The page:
When I worked in community-based group homes with mentally retarded adults, I knew that my job was to integrate my patients into the community. Such programs were developed to root my patients in a vernacular world where they would be held and sustained by a community of other responsible citizens. The idea was that these patients would no longer need to rely on formal systems. Yet when a staff person wanted to take a patient home for a holiday, they were told it was a liability and against policy. When a neighbor wanted to take on responsibilities of staff members, the organization I worked for said it was too risky. And I began to realize that the original meaning of my job had been lost, swallowed up in the exasperating stupidity of a large bureaucratic machine. Examples such as these are what Ivan Illich (1976) referred to as “paradoxical counterproductivity.” Modern institutions tend to produce the opposite of their stated purpose, and they also tend to eliminate possibilities for other kinds of action. In such cases, the institution becomes a “radical monopoly” which robs us of our freedom to serve the Other, because it is too concerned with keeping itself in business.
If we are to have a kind of community which fosters a responsibility for the Other, it would be a community of neither individuals nor large, bureaucratic machines, but a community, as Schwartz (1997) suggests, which fosters mediating structures, “social groups that stand, or mediate, between large entities like national governments on the one hand and autonomous individuals on the other. Originally embedded in kinship and locality, these structures–such as extended families, churches, voluntary associations, village governments, and a rainbow of related entities–have for most of human existence formed the primary units in which one dwelled, pursued one’s life, and was known” (pp. 43-44). Such mediating structures are informal, vernacular and organic. They spring up spontaneously in response to the command of the Other.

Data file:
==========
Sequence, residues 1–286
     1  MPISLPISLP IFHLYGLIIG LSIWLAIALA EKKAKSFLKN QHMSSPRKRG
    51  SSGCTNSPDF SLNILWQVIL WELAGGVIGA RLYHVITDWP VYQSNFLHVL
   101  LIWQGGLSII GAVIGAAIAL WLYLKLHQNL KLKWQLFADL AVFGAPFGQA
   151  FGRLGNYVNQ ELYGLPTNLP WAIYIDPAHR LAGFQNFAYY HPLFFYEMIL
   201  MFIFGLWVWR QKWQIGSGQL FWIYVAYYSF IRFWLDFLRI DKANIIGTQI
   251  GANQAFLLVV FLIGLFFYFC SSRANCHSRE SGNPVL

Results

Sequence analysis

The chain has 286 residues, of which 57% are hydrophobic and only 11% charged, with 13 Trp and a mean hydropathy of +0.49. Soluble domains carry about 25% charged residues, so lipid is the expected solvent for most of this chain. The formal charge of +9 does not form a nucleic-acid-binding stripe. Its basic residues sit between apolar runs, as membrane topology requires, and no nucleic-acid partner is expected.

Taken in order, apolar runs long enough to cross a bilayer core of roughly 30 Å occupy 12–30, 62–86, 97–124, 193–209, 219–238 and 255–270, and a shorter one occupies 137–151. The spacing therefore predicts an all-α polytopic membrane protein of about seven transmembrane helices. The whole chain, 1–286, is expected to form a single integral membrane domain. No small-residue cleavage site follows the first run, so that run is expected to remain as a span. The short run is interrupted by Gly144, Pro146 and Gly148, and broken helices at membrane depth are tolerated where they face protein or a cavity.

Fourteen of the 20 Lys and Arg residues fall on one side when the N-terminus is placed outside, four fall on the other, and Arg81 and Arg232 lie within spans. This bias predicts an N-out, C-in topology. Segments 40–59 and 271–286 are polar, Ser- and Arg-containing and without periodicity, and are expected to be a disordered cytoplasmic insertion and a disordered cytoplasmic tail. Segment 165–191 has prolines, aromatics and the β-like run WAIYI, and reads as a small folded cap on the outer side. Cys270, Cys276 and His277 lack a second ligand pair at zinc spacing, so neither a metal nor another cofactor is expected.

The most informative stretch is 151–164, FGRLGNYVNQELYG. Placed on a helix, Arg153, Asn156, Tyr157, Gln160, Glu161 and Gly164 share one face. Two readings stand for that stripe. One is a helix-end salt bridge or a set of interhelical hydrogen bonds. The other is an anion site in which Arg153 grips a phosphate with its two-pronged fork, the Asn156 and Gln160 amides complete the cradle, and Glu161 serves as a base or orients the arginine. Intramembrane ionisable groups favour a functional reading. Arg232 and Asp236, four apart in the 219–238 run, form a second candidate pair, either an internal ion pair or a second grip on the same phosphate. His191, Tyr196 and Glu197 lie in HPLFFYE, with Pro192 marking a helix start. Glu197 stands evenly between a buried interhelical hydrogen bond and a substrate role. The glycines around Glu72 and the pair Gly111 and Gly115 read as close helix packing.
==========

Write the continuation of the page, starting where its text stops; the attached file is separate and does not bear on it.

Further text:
Yet when we look around, we see that such mediating structures are drying up in our culture. Ironically, it is in our culture, which speaks so loudly about individual autonomy, that we find fewer and fewer spaces for such informal systems to flourish. Sociologist Robert A. Nisbett has suggested, in fact, that it is precisely our emphasis upon individuality, autonomy and subjectivism that has led to our predicament. He writes:
“What is crucial in the formation of the masses is the atomization of all social and cultural relationships within which human beings gain their normal sense of membership in society. The mass is an aggregate of individuals who are insecure, basically lonely, and ground down, either through decree or historical circumstance, into mere particles of social dust.” (Nisbett, p. 62, in Schwartz, p. 44)
The assertion of self-indulgent individuality fuels a Capitalist economy by creating a yearning for connection, and we try to fill up the emptiness with commodities. When that no longer works, and all the informal systems have disappeared, we the masses turn to the only thing we have left, the false community of the state. And that can only lead to totalitarianism. There is a vicious cycle at play. With the absence of a community of Others for Others, as articulated by Levinas (1998) in his philosophy of social justice, we place increasing demands upon formal national and state governments to fulfill our needs. And, of course, these governments respond by expanding bureaucratic systems, which only continue to usurpt the authority of local, informal systems.